The Magic of the Wine Glass

Authors: Olga Stepina, Vasily Prytkov


The Magic of the Wine GlassIn the world of wine every trifle matters, and before the bottle makes it to the table, wine goes through a world of tribulations. Crafting good wine requires serious work on behalf of the winemaker, which is often an art worthy of poetic odes. But a bad cork, bad transportation or incorrect storage temperature in the store, restaurant or at home can damage all their efforts. And any compromise in the production process can affect the end result. But after all these conditions are met, the most important instrument has still yet to appear on stage: the glass, the vessel the winemaker uses to perform their symphony. And like a Fender guitar is better that a regular Ural, glasses also have their own quality standards and rules. When observing them, you allow the best of winemakers to complete their plan and express their perfection in a glass and in their feelings.


Before the wine glass adopted the shape familiar to us today, it came a long way from archaic vessels for ancient ceremonies, to the high-tech production of today. Of course, this is a story with heroes and masters, who addressed the needs and challenges of the wine culture of their time in the glassmaking process.

As with any high-precision manufacturing, which winemaking can without a doubt be described as, an historical figure appears at some point who is simply ahead of their time, sets a new standard for the industry as a whole and produces literally revolutionary change. The Austrian Claus Josef Riedel was such a figure in the history of the wine glass’ development.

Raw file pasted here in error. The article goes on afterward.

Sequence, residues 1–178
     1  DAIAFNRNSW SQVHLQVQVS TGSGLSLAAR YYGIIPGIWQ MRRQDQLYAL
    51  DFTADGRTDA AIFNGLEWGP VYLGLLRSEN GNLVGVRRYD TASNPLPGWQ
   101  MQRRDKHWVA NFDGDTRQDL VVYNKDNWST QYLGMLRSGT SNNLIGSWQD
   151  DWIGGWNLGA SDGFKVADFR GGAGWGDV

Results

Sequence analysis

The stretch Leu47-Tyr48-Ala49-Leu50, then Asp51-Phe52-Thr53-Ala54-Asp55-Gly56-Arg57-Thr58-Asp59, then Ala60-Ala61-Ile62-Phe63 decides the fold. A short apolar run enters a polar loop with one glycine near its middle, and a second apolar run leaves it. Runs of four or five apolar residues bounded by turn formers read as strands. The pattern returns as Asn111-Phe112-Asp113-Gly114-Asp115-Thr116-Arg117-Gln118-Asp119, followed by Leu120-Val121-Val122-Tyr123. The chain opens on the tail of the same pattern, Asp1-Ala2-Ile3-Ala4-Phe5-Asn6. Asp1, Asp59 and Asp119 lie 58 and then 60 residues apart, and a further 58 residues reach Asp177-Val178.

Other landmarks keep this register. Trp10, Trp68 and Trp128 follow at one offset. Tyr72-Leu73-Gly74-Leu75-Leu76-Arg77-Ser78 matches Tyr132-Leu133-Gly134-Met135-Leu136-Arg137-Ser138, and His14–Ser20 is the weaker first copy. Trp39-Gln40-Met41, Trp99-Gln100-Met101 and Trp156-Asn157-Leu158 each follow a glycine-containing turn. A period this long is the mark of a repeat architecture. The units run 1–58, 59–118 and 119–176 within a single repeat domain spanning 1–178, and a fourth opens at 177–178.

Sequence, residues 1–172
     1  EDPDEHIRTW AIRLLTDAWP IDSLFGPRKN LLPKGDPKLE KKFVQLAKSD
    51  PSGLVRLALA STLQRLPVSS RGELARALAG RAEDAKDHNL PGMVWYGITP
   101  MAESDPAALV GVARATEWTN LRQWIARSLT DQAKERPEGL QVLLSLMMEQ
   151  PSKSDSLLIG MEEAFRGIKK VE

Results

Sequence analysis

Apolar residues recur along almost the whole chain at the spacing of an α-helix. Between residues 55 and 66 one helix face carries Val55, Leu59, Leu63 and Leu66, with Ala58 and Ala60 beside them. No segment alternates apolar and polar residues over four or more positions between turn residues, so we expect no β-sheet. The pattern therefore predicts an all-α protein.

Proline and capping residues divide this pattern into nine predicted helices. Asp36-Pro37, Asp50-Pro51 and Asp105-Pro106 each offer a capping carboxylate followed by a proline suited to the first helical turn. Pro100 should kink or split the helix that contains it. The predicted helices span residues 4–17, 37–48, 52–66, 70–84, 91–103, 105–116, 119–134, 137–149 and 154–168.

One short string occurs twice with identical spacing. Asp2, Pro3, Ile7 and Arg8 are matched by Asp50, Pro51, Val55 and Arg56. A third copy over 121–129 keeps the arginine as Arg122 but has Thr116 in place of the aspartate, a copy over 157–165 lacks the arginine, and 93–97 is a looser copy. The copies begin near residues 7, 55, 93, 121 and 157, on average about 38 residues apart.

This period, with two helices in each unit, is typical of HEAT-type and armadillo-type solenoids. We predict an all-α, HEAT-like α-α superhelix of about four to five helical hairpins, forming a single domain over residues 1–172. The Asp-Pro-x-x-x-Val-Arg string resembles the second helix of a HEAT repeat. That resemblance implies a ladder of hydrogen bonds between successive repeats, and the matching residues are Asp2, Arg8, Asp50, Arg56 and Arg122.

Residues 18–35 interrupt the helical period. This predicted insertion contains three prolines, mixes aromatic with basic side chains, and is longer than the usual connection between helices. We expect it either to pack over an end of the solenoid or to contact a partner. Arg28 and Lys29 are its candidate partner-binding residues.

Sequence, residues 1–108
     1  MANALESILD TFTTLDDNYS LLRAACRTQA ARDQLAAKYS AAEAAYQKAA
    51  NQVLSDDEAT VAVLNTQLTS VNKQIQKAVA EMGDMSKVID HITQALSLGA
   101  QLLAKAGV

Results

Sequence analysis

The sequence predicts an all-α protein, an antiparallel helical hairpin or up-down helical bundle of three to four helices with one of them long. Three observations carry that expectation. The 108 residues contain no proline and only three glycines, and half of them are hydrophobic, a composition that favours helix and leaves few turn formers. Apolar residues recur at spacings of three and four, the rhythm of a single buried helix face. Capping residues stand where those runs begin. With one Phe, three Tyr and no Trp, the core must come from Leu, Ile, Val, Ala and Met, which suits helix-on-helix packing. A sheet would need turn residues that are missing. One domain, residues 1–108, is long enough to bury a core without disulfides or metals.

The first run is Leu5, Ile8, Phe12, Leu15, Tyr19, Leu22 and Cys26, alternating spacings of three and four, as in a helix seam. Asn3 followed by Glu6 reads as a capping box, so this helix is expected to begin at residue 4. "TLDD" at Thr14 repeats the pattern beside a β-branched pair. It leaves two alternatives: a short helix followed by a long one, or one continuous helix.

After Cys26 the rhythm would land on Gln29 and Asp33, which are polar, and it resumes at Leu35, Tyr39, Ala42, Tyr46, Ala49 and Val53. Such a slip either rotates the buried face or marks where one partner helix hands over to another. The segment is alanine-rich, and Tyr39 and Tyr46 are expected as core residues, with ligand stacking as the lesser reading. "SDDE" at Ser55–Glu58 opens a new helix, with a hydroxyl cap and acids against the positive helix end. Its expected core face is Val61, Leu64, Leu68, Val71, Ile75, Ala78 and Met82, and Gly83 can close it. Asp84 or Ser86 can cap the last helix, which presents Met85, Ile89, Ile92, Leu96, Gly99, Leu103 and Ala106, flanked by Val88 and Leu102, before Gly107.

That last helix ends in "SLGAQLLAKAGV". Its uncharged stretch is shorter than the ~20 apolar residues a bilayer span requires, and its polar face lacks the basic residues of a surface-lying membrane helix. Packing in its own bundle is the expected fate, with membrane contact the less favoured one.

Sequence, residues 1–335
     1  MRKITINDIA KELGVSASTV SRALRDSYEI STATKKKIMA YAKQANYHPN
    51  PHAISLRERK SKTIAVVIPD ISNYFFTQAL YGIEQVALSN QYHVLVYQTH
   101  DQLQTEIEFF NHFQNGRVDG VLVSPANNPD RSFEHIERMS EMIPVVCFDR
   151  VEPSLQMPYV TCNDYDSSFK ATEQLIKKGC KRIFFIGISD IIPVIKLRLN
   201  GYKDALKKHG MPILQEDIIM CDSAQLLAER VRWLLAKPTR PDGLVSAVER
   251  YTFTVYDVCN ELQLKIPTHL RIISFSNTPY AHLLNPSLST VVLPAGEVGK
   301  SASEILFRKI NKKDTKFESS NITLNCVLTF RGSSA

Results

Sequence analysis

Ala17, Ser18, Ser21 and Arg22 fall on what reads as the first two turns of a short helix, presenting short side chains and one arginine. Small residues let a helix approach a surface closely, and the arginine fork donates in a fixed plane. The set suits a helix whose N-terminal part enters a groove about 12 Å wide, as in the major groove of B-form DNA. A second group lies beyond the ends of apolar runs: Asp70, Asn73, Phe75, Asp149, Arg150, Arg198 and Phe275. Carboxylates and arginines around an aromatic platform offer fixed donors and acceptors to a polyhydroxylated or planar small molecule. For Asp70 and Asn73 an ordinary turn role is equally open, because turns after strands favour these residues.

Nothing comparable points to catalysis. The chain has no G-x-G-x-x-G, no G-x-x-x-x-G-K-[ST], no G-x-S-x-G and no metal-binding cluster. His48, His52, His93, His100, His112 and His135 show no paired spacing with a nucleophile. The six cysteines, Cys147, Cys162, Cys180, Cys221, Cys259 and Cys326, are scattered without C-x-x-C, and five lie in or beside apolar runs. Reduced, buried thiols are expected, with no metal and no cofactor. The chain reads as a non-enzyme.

Claus Josef Riedel (1925-2004)

Claus Josef Riedel (1925-2004) was the successor to a family business of glassmakers. The family tradition can be traced back to the 18th century, when glassmaker Johann Christoph Riedel opened his own firm.

What was the essence of these changes? Herr Riedel identified the primary problem of glasses of his time and the past in that they were too small to let the wine open up, show all its colors, hues and nuances. While vintage wine glasses use to be rather a luxury item and a canvas for jewelers and other artists, there have been significant changes in the culture of wine serving and presentation thanks to his improvements. His sharp nose, analytical mind and mindfulness of a true craftsman steered him to notice that the shape of a wine glass influences the taste, aroma and aftertaste of wine.

As the glass shape helped reveal all the nuances of the drink, it also brought about new demands to its quality. So Riedel’s improvements touched not only the glass’ aesthetics, as wine now played the key defining role.

Fully immersed in his studies, Riedel was able to sense the nature of different wines and create wine glasses for wines from different regions of France, Austria, Italy, and in addition, vessels for tequila, vermouth, liqueurs, grappa and other alcoholic beverages.

The famous Robert Parker wrote about this as well: «Riedel’s glasses are the most exquisite in both technological and hedonistic terms. The effect of these glasses on fine wines is unparalleled. I can hardly overstate the transformation of a wine poured into these glasses.»

The appearance of Riedel’s wine glasses on the market coincided with certain trends in modern culture, where focuses were shifted from decorative effects towards functionality, and strict laconic forms and high-quality materials became signs of modern luxury. Minimalistic thin-walled glasses with tall stems and no adornments are considered classic today, and are used at professional tastings at wine chateaux and served at the table of the rich and famous, while crystal wine glasses finish off their days in old-fashioned display cases.


A look back in history

The Magic of the Wine Glass. A look back in history.Of course, finely made fragile glass vessels weren’t always part of the holiday table. Many centuries ago, they didn’t just raise cups and bowls, but also skins and horns. Researchers believe that the first vessel known to consume wine with was in fact the good old ladle. Nobel aesthetes and dandies of the Neolithic era made their fine ladles of wood, and later with metal of varying degrees of nobility. The tableware at feasts reflected social status and wealth, so often these ladles were made into fine works of art.